• Honorable mention: Gerald Graff, University of Illinois, Chicago, for Clueless in Academe: How Schooling Obscures the Life of the Mind (Yale Univ. Press, 2003)


  • Ruth Spack, Bentley College, for America’s Second Tongue: American Indian Education and the Ownership of English, 1860–1900 (Univ. of Nebraska Press, 2002)


  • Deborah Brandt, University of Wisconsin, Madison, for Literacy in American Lives (Cambridge Univ. Press, 2001)


  • Jacqueline Jones Royster, Ohio State University, for Traces of a Stream: Literacy and Social Change among African American Women (Univ. of Pittsburgh Press, 2000)


  • A. Suresh Canagarajah, Baruch College, City University of New York, for Resisting Linguistic Imperialism in English Teaching (Oxford Univ. Press, 1999)


  • Sharon Crowley, Penn State University, for Composition in the University: Historical and Polemical Essays (Univ. of Pittsburgh Press, 1998)


  • Thomas P. Miller, University of Arizona, for The Formation of College English: Rhetoric and Belles Lettres in the British Cultural Provinces (Univ. of Pittsburgh Press, 1997), and Marilyn S. Sternglass, City College, City University of New York, for Time to Know Them: A Longitudinal Study of Writing and Learning at the College Level (Lawrence Erlbaum Associates, 1997)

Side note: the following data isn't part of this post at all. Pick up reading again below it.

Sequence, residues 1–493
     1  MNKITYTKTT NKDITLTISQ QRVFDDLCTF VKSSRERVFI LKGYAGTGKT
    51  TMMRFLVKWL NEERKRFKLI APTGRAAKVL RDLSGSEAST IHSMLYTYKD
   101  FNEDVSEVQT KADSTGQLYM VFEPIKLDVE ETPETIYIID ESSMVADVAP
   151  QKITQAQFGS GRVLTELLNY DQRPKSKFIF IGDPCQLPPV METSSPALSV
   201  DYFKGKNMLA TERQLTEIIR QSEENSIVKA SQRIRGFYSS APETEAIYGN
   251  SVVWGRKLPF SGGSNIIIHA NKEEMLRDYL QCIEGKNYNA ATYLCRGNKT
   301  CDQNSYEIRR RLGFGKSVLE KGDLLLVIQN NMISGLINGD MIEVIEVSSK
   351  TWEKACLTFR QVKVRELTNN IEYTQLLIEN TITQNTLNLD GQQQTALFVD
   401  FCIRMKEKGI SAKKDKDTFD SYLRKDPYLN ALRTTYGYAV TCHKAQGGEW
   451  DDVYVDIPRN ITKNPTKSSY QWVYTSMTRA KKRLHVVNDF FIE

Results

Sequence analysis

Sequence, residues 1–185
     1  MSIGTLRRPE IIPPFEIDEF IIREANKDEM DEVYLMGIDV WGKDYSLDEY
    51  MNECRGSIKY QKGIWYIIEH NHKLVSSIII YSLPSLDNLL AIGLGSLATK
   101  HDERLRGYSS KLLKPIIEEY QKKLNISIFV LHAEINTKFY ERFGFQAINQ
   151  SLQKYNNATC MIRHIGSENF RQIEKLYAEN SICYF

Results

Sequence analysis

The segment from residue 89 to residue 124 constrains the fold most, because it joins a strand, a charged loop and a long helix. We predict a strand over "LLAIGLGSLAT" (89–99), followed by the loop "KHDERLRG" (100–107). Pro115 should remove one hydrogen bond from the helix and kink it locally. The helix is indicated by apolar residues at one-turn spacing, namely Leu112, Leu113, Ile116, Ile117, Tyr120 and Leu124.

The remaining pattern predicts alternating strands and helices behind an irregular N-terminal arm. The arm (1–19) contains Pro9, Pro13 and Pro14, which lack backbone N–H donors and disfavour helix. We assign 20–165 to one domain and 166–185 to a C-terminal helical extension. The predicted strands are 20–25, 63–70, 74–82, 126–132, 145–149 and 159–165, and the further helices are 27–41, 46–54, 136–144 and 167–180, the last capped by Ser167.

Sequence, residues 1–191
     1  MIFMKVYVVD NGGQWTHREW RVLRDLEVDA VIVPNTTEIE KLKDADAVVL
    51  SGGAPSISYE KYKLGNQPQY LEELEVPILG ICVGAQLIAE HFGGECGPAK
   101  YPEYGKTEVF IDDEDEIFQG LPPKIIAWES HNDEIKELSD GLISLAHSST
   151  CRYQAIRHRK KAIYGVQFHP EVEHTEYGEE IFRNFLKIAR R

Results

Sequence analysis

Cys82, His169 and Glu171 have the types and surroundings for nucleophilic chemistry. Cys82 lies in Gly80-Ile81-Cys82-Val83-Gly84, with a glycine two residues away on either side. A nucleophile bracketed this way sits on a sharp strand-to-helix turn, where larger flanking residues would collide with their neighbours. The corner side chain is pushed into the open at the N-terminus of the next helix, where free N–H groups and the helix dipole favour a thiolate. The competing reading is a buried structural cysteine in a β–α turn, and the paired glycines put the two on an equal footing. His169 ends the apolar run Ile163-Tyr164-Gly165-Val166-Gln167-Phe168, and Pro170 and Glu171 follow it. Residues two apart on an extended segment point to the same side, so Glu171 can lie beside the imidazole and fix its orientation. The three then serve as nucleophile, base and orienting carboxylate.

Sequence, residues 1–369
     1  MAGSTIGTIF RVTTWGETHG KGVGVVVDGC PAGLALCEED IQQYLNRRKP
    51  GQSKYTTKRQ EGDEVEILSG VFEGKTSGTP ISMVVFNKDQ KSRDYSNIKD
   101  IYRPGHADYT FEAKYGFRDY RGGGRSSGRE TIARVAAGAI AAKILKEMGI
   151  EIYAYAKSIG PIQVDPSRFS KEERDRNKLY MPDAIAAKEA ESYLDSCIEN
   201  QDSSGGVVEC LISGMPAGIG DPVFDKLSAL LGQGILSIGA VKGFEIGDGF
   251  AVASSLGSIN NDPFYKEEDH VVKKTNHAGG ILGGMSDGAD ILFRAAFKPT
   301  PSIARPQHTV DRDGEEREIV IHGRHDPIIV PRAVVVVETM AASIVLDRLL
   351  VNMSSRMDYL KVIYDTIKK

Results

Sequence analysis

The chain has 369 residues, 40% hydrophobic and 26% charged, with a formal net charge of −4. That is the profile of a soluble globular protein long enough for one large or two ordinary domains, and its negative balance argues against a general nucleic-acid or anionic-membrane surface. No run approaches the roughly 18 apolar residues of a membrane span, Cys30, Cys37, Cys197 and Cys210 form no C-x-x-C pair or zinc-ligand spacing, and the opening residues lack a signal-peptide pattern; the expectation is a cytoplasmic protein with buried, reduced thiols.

• James Crosswhite, University of Oregon, for The Rhetoric of Reason: Writing and the Attractions of Argument (Univ. of Wisconsin Press, 1996)

  • Honorable mention: Linda Brodkey, University of California, San Diego, for Writing Permitted in Designated Areas Only (Univ. of Minnesota Press, 1996)


  • Ross Talarico, National University, for Spreading the Word: Poetry and the Survival of Community in America (Duke Univ. Press, 1995)


  • Kathleen McCormick, University of Hartford, for The Culture of Reading and the Teaching of English (St. Martin's Press, 1994)

  • Honorable mention: Edward M. White, California State University, San Bernardino, for Teaching and Assessing Writing (Jossey-Bass, 1994)


  • Lester Faigley, University of Texas, Austin, for Fragments of Rationality: Postmodernity and the Subject of Composition (Univ. of Pittsburgh Press, 1992)


  • Susan Miller, University of Utah, for Textual Carnivals: The Politics of Composition (Southern Illinois Univ. Press, 1991)

  • Honorable mention: Susan C. Jarratt, Miami University, for Rereading the Sophists: Classical Rhetoric Refigured (Southern Illinois Univ. Press, 1991)